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Our Constitution: Chapter 2 – What Kind of Government Did the Constitution Create?

Monarchs ruled the nations of the world when the U.S. Constitution was written in 1787. Some monarchies, such as the one that ruled Great Britain, also had parliaments in which the people and the aristocracy were represented. As parliamentary systems developed, they combined legislative and executive functions, with the prime minister and other cabinet members serving as members of Parliament. This differs sharply from the separation of powers established in our Constitution.

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Our Constitution: Chapter 3 – What Rights Does the Constitution Protect?

Surveys show that alarming numbers of Americans are unaware of the full extent of their constitutional rights. Some people readily admit that they do not know what rights are included in the Constitution and its first ten amendments, the Bill of Rights. Other Americans have expressed the opinion that the Constitution went too far in granting such rights as free speech and free press and that society should be able to restrict opinions and behavior with which the majority disapproves.

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Our Constitution: Further Reading

This resource is a bibliography for those interested in reading more about the rights and responsibilities of citizens enumerated in the Constitution.

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The Pursuit of Justice: Chapter 1: The Rise of Judicial Review

Like many Supreme Court cases, the great case of Marbury v. Madison began simply. William Marbury and three other people did not receive appointments as justices of the peace for the District of Columbia. Their claim before the Court was the result of a general effort by the outgoing administration of President John Adams to place its Federalist supporters in newly created judicial positions.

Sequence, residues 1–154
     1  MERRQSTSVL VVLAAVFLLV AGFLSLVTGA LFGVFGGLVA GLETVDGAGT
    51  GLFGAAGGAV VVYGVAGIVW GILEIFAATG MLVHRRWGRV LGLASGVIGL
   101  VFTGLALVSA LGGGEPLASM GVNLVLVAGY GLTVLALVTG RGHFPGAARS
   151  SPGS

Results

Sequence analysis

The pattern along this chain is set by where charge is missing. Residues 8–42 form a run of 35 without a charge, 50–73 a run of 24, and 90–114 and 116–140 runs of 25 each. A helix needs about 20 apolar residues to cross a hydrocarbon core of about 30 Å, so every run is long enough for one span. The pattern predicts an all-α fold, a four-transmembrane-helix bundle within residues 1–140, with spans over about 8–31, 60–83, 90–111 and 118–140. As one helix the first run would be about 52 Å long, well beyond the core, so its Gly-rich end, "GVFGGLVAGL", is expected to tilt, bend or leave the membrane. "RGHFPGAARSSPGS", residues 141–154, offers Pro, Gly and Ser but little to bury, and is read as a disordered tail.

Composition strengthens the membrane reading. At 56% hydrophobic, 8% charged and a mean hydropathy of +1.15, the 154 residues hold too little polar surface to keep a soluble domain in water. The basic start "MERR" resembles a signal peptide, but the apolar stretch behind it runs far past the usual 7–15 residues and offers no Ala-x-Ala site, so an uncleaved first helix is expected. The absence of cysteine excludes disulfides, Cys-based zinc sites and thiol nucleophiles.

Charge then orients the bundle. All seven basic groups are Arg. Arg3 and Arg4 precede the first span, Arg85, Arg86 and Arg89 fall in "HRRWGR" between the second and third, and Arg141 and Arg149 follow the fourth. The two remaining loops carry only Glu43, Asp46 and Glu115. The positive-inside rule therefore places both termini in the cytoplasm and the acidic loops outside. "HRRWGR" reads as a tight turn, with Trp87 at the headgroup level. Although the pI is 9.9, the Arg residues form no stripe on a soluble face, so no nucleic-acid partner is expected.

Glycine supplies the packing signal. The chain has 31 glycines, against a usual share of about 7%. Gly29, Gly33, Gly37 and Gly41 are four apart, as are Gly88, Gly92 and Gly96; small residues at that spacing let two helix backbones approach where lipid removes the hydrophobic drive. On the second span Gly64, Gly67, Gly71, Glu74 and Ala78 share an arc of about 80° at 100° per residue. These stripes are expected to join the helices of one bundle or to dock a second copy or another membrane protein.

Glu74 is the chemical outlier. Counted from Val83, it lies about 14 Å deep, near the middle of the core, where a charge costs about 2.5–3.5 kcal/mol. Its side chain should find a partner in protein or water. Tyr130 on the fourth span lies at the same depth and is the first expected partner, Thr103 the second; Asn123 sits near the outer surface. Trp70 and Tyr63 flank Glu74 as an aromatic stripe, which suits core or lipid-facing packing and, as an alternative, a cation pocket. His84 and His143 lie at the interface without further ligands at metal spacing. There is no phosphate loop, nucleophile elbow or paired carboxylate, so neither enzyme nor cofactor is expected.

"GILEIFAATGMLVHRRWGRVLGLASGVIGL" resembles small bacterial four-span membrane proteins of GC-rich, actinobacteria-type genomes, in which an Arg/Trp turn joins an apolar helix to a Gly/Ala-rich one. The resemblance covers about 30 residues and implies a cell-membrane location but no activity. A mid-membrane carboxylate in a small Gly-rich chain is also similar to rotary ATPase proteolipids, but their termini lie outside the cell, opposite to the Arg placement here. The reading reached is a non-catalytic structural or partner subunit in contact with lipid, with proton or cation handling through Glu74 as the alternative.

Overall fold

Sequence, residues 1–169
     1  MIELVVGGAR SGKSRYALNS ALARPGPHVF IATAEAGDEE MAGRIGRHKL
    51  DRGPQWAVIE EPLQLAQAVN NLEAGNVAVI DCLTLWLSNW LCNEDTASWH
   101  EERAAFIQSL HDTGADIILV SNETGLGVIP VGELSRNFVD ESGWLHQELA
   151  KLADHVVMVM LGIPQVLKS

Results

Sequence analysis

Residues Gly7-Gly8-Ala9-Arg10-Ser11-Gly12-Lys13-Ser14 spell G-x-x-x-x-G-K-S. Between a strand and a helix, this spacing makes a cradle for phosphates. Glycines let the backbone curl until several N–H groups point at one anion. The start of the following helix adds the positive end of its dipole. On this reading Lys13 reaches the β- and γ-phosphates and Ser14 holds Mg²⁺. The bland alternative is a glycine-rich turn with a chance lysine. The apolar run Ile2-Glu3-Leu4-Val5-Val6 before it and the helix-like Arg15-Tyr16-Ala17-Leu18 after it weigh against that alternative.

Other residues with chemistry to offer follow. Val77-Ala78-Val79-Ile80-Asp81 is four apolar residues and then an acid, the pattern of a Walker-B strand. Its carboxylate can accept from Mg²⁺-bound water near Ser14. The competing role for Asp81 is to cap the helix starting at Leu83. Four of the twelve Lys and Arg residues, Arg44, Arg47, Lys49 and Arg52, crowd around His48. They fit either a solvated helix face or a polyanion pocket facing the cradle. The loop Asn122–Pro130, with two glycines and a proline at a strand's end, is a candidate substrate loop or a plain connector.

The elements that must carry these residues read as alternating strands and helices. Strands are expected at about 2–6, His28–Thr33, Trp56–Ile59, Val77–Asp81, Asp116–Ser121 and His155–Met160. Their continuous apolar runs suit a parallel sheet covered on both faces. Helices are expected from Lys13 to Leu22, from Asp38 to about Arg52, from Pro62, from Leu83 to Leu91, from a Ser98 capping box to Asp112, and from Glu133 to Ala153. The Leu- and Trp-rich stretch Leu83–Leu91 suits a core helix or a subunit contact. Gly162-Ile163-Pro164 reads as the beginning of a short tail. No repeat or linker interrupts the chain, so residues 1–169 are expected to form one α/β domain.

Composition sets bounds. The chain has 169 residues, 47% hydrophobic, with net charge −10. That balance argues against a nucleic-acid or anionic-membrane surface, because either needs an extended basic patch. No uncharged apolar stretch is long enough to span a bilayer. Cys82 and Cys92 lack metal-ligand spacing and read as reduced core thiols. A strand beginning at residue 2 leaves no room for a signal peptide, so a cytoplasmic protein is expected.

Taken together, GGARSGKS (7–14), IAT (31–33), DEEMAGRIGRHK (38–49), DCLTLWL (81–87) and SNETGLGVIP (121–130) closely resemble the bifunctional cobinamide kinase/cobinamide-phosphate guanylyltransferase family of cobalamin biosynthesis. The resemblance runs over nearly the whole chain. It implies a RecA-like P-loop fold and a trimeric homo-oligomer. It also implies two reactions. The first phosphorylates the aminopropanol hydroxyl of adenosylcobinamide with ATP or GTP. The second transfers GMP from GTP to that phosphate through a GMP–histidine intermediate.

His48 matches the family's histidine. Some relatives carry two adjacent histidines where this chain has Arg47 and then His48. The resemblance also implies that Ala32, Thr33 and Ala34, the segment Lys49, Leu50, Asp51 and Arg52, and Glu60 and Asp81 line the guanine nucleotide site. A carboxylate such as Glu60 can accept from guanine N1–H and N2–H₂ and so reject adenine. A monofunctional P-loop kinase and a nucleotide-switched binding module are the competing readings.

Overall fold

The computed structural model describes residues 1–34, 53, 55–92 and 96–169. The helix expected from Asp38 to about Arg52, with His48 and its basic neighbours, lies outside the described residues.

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Our Constitution: Article I

The framers of the Constitution separated the powers of government into three branches, granting legislative power (the power to pass laws) to Congress, executive power (the power to administer the laws) to the President, and judicial power (the power to interpret laws and decide legal disputes) to the courts.

Website

National Constitution Center

The National Constitution Center site provides classroom resources related to the Constitution as well as civic participation and responsibility, and the executive branch. Online resources include interactive games, videos, webcasts, primary and secondary sources, Constitution Fast Facts, biographies of Constitutional Convention delegates, and the Interactive Constitution guide.

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Understanding Democracy: A Hip Pocket Guide: Constitution

A constitution is the basic law and general plan of government or a people within a country. The purposes, powers, and limitations of government are prescribed in the constitution. It thus sets forth the way people are governed or ruled.

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The Pursuit of Justice: Appendix